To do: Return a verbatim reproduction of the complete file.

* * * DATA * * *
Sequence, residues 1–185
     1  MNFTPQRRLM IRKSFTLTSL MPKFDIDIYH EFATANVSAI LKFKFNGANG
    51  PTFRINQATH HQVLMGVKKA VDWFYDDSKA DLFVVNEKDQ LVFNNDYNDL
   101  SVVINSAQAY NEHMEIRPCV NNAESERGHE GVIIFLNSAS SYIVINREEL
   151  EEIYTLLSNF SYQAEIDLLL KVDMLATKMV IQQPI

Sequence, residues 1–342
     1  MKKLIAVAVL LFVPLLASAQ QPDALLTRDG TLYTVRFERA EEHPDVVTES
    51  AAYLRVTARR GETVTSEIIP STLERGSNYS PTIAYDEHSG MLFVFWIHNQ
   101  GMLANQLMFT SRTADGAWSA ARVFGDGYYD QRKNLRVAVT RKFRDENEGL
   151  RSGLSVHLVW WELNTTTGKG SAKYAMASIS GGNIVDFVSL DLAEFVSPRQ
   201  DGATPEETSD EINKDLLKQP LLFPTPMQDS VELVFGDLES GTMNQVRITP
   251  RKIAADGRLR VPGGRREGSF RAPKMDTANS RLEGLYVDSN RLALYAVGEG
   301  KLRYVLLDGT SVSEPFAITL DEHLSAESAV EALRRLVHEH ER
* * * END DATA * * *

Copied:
Sequence, residues 1–185
     1  MNFTPQRRLM IRKSFTLTSL MPKFDIDIYH EFATANVSAI LKFKFNGANG
    51  PTFRINQATH HQVLMGVKKA VDWFYDDSKA DLFVVNEKDQ LVFNNDYNDL
   101  SVVINSAQAY NEHMEIRPCV NNAESERGHE GVIIFLNSAS SYIVINREEL
   151  EEIYTLLSNF SYQAEIDLLL KVDMLATKMV IQQPI

Sequence, residues 1–342
     1  MKKLIAVAVL LFVPLLASAQ QPDALLTRDG TLYTVRFERA EEHPDVVTES
    51  AAYLRVTARR GETVTSEIIP STLERGSNYS PTIAYDEHSG MLFVFWIHNQ
   101  GMLANQLMFT SRTADGAWSA ARVFGDGYYD QRKNLRVAVT RKFRDENEGL
   151  RSGLSVHLVW WELNTTTGKG SAKYAMASIS GGNIVDFVSL DLAEFVSPRQ
   201  DGATPEETSD EINKDLLKQP LLFPTPMQDS VELVFGDLES GTMNQVRITP
   251  RKIAADGRLR VPGGRREGSF RAPKMDTANS RLEGLYVDSN RLALYAVGEG
   301  KLRYVLLDGT SVSEPFAITL DEHLSAESAV EALRRLVHEH ER